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Introduction To The Martin Taylor Guitar Academy
This "introduction" block sets the stage for what is to follow. Put down your guitar, and enjoy learning about Martin's background, influences, and philosophy about music and the guitar. If you are anxious to get going, you can skip ahead to the "Underlying Concepts" block or even "Learn By Playing Tunes" block. Just be sure to get back and watch these important videos!
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Underlying Concepts
The "Underlying Concepts" block starts very basic and progressively lays down the foundation for Martin's approach to fingerstyle guitar. Even if you are already an advanced guitarist, Martin asks that you go through all of these lessons. This block ends with Martin teaching two versions of the jazz classic "Satin Doll."
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Developing Technique & Musicianship
Here we switch almost entirely to music, musicianship, and advanced techniques for making music on the guitar. To get started right, Martin teaches a simple but soulful version of his own composition "True." Martin uses this tune as reference point throughout the curriculum. More techniques flow from Martin's presentation of jazz blues, "Somewhere Over The Rainbow", and "My Romance."
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Learn By Playing Tunes
Watch, listen, play. It's all here: A progressive collection of tunes that represent every skill and technique Martin employs in his fingerstyle guitar playing. For many of these tunes, Martin provides a very detailed analysis of all of the techniques employed. All of the tunes are presented with alternate camera angles (you can see exactly what Martin sees using the "topview" camera angle), and slow-motion versions. Many of the tunes have downloadable notation PDF files, though Martin prefers you to use you eyes and ears rather than the notation which can become a "crutch" and inhibit progress.
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Auxiliary Lessons
This is the place where material will be placed that relates to specific topics not covered in the core curriculum, such as accompanying a singer, gear, etc.
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Guided Arrangements
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30 Day Challenge
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+Music
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Fingerstyle Guitar Lessons: Lulu's Back In Town

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[MUSIC]
I thought it would be a really good idea,
for a guided arrangement to play a real
golden oldie.
This is a very, very old tune called
Lulu's Back in Town, and
it's a really fun, fun tune to play.
There's lots of kind of things we, we can
do with this.
Before, we start working on all the, the
different steps that were gonna go through
I'll quickly play, play something for you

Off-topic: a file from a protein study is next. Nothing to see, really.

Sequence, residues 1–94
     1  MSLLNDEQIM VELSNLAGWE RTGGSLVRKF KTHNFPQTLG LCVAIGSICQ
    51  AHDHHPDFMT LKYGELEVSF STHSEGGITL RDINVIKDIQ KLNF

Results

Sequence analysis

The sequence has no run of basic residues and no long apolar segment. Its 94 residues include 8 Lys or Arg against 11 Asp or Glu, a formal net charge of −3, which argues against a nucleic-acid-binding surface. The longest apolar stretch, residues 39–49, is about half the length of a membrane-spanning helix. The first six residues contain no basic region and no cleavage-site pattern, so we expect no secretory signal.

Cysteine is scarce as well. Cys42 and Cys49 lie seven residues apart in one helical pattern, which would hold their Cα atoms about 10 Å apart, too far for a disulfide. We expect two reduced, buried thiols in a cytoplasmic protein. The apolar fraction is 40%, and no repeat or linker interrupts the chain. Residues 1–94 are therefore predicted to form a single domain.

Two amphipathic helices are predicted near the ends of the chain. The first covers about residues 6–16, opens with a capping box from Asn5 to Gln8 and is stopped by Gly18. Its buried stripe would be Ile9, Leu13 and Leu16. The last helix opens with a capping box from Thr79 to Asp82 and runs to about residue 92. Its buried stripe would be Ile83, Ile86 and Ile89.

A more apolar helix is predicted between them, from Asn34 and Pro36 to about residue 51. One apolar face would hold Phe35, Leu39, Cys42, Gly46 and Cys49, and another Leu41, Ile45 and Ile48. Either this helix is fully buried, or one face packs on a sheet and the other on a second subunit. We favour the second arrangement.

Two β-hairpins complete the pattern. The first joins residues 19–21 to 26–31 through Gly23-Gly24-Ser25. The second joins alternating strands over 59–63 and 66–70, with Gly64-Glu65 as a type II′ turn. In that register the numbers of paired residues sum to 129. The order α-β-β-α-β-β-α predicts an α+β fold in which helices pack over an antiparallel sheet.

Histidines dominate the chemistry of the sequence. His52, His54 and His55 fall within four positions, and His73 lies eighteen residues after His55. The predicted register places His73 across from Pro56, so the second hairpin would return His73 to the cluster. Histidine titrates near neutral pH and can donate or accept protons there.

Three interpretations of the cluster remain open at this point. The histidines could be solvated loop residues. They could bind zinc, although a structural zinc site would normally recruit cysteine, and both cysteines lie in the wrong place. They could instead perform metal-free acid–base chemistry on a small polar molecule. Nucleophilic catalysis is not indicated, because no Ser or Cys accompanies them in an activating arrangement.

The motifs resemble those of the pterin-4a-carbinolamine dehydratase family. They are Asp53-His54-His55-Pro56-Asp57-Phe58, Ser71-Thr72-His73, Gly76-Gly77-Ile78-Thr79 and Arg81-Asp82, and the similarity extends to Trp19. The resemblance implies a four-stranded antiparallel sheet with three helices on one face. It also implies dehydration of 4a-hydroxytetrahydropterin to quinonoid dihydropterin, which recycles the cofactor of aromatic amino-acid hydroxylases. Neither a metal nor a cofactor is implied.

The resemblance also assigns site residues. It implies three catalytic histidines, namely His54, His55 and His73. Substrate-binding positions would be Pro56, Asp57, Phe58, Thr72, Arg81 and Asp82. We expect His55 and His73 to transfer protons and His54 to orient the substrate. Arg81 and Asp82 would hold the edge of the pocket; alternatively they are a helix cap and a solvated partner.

just to give you a feel of it.
So it's, it's this kind of feel.
[MUSIC]
It's that kinda golden oldie feel.
[LAUGH]
[MUSIC]
But there's lots of things we can do with
this, so here's the melody.
[MUSIC]
[MUSIC]
So,
now, let's get working on Lulu's Back in
Town.
Let's start with step one, you remember
that one?
This is just with the melody.
So, this is the melody.
[MUSIC]
Go to the middle part.
[MUSIC]
2, 3, 4, 1.
[MUSIC]
Back to the A section.
[MUSIC]
So, there you go.
[LAUGH] Let's get onto the step two, and
there's lots of different chord
substitutions and ideas that we can have,
but
I've just come up with something that's
pretty straightforward, first of all.
So, these are, these are split bars.
By that, I mean there's two beats on each
bar.
So, 1, 2, 3, 4.
[MUSIC]
It's that kind of feel.
[MUSIC]
So, that's F sharp minor seventh.
[MUSIC]
It's a descending.
[MUSIC]
F sharp, minor seventh.
[MUSIC]
F minor seventh.
[MUSIC]
E minor seventh to D.
[MUSIC]
So, that's two bars.
And again.
[MUSIC]
F sharp, minor seventh.
[MUSIC]
F minor seventh.
[MUSIC]
E minor seventh.
[MUSIC]
D.
Then we go G.
[MUSIC]
F G sharp diminished,
we play a D with an A base.
[MUSIC]
E seventh,
an E seventh, or E ninth actually.
[MUSIC]
A seventh.
And again.
[MUSIC]
E seventh, D, G, D-sharp diminished.
D with an A bass.
[MUSIC]
B seventh and then this,
this time we play.
[MUSIC]
E seventh.
E so E minor seventh, A seventh to, to a
D.
[MUSIC]
D seventh.
Then we go into the middle section.
G, G-sharp diminished, D over with an A
bass.
[MUSIC]
D seventh.
[MUSIC]
Again.
[MUSIC]
Again, G, G-sharp diminished,
D with an A base, D B seventh.
[MUSIC]
Either E seventh or E ninth.
[MUSIC]
For a bar.
A seventh for a bar, and then we go back
to the beginning again
descending from F-sharp minor, F minor, E,
E minor, D.
Again.
[MUSIC]
Then G, G-sharp diminished,
A with a D with an A bass, B seventh.
[MUSIC]
E seventh or E nine.
[MUSIC]
A seventh.
[MUSIC]
To a D.
Okay?
So, now lets try and put that together as
a chord melody.
So, we have this, this is a good, you know
if you play a, a minor chord like this,
like an F sharp minor chord.
[MUSIC]
It's good to voice it this way,
very often, is to.
[MUSIC].
So, that's.
[MUSIC]
So, I've got the F-sharp,
A, E, and A on there.
And we're gonna discern that
[MUSIC].
And we can, we can make that a major
seventh.
A D major seventh.
So, we're gonna get this, lets play the
melody on the top, with the chords
[MUSIC]
We can put an augmented in there,
as a sharpened fifth.
[MUSIC]
And again.
[MUSIC]
Now, now I was playing a G down here.
[MUSIC]
G-sharp diminished.
[MUSIC]
Because the melody's up at the top,
we're gonna have to play it higher.
So, I'm playing.
[MUSIC]
The G major seventh.
We can actually substitute this.
[MUSIC]
And instead of playing the G-sharp
diminished, we can play, an a G-sharp
major seventh, to a C sharp seventh.
[MUSIC]
That's a nice D chord.
[MUSIC]
That's six in there.
[MUSIC]
So, there we go.
That's our chord melody.
[MUSIC]